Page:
A few years ago I got to coach a newly promoted vice president of a local company.
The organization had a lot of confidence in this young man. As he and I talked, I realized he was struggling to develop that same level of confidence in himself.
He had literally grown up within the organization, first working there as a teenager in a non-professional role. I asked him to introduce himself to me as if we had never met. As he stated his title, he diverted his eyes, fidgeted, and lowered his voice. He was very uncomfortable calling himself a vice president.
I encouraged him to visualize putting on his vice president jacket and taking a deep breath as he raised his chin slightly and squared his shoulders. The introduction came out stronger then. “You deserve to wear this jacket; do so with confidence” was my advice to him.
Another coachee of mine also grew up in her organization and then took on one of its top roles.
After our first discussion, I envisioned the famous photo of the kitten who looks into the mirror and sees a lion. The difference is that she actually had the capabilities of the lion, but when she looked in the mirror she saw a kitten. She launched a journey of building the necessary confidence to bring the full power that she possessed to bear in her work. She shared this quote with me that summed up not only her personal challenge, but that of so many leaders in similar situations:
“It’s hard to lead a cavalry charge if you think you look funny on a horse.”
– Adlai E. Stevenson II
If you are also working to build your confidence, I recommend these two tactics:
1. Imagine yourself possessing and projecting the confidence you desire.
See and hear yourself being poised and assured. Not arrogant, but trustworthy and capable. Dress in a manner that boosts your belief in yourself, and pay attention to your posture and tone of voice. Speak and act confidently and let your feelings follow. In the words of Amy Cuddy, “Fake it until you become it.”
2. Allow yourself to believe what others are saying about you.
When you receive a compliment, be intentional about accepting it. Rather than deflect it, look the person in the eye and graciously thank them. Take their words to heart and let them contribute to your belief in yourself.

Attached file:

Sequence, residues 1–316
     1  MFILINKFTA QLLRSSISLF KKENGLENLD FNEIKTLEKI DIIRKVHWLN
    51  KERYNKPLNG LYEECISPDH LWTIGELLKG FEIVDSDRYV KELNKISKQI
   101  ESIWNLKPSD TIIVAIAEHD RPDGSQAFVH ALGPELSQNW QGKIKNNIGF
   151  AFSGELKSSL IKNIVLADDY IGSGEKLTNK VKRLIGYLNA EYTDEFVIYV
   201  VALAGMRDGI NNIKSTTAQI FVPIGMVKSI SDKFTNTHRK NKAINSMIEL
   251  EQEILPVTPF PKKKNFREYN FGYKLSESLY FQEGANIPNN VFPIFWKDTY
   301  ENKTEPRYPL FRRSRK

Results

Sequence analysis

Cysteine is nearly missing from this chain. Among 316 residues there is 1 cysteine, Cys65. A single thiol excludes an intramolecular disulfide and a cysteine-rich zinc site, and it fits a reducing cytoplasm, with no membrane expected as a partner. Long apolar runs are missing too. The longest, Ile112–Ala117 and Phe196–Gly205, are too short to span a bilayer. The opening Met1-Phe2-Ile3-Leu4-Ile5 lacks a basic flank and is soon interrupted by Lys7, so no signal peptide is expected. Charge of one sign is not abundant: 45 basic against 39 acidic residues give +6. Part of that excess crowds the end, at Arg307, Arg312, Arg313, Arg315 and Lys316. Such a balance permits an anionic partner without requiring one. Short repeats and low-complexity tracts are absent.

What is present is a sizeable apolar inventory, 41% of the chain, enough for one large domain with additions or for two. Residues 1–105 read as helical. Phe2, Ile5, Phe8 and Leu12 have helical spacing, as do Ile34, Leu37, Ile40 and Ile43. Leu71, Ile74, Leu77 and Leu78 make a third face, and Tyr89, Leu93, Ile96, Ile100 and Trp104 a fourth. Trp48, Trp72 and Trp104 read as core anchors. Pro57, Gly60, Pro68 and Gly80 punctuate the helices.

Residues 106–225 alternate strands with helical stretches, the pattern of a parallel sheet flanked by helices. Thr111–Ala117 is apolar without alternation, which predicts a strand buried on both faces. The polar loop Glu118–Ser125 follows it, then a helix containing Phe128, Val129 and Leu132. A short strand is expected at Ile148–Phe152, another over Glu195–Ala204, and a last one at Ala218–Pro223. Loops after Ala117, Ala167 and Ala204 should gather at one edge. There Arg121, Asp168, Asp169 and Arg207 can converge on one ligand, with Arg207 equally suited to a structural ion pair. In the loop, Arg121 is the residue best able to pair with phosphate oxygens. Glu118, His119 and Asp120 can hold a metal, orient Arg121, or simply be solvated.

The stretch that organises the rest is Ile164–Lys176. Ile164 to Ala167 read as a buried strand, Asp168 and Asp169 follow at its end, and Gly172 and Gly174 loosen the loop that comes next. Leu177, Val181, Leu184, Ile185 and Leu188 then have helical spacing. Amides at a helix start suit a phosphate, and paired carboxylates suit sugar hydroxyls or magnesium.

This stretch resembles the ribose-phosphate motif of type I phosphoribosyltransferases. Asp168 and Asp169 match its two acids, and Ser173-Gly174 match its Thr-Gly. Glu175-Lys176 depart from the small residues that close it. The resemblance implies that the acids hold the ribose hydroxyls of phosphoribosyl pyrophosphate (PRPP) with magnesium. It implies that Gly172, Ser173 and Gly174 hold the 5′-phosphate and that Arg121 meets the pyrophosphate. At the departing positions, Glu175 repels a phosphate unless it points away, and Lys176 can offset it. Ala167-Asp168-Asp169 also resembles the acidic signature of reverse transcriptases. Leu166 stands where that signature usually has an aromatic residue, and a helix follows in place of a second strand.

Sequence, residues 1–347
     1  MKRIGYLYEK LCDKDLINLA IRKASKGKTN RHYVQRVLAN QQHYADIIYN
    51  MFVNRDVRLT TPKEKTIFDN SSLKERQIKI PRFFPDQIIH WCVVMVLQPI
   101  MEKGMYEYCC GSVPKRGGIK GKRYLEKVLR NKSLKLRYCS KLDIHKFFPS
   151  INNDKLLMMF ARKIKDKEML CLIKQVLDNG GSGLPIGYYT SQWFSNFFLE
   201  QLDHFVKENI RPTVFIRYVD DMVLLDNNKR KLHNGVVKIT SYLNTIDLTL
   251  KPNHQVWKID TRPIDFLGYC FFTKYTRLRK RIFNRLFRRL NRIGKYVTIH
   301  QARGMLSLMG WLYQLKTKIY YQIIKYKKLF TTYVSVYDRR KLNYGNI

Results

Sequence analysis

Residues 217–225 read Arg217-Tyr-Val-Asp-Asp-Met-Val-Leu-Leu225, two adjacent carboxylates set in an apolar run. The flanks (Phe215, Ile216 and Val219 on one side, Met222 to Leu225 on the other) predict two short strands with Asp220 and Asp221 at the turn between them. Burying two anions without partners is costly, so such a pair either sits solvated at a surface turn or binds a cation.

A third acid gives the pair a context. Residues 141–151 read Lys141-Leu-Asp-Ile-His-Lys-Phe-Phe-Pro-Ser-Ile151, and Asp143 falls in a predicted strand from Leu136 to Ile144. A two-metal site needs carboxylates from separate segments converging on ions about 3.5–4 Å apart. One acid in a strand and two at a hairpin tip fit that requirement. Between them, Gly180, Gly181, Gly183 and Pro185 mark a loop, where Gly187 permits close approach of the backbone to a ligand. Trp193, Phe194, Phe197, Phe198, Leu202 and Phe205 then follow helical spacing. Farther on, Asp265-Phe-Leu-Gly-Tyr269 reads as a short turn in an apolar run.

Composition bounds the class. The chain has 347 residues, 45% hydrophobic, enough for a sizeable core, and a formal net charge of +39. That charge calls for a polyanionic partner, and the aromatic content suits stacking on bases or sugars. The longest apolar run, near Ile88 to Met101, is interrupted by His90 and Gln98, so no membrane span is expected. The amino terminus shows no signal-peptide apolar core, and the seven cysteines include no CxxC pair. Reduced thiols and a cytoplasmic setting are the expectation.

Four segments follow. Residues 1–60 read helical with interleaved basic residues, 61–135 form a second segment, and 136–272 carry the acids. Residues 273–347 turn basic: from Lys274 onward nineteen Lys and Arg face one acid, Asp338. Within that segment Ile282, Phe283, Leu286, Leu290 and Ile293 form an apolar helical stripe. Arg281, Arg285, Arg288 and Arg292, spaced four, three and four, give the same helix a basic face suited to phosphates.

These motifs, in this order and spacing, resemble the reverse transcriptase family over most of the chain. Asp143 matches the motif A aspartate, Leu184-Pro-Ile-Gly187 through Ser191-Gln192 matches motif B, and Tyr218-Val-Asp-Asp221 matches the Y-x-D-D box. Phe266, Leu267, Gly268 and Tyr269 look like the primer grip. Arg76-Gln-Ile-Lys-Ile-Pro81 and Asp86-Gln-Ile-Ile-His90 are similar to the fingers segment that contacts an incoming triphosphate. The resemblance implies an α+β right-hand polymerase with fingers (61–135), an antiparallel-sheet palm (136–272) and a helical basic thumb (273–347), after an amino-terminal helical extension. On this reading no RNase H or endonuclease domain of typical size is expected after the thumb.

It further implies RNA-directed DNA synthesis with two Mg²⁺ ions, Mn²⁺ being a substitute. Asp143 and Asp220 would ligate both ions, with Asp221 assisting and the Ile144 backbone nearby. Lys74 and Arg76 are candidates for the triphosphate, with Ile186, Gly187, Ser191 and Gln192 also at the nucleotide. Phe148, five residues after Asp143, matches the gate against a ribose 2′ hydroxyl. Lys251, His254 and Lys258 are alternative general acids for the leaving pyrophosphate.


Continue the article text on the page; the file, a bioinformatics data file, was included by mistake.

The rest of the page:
Written by: Sandy Tush, Partner – Milestone Leadership
Executive Coaching can have a transformative effect on building a leader worth following.
We work with professionals at various organizational levels, at different stages of their careers. Every coaching relationship is unique and focused on the individual coachee to uncover capabilities and build upon strengths.
When working with Milestone Leadership, coachees will:
- Create an executive-focused Individual Development Plan
- Receive advice and perspective from experienced coaches who have excelled in leadership roles
- Grow personal strengths and improve relevant development needs
- Learn how to lead with personal and organizational values
Our Milestone Leadership Coaching Process:
- Build partner-based relationship, grow trust, establish rules of engagement and align values
- Establish strong awareness through individual assessment; create a vision and identify gaps
- Agree on priorities, then leverage the individual’s strengths with the coach’s support to develop goals through an Individual Development Plan (IDP)
- Support growth by challenging and regularly reassessing plan
- Deliver results with the outcome of accelerated growth in professional and personal development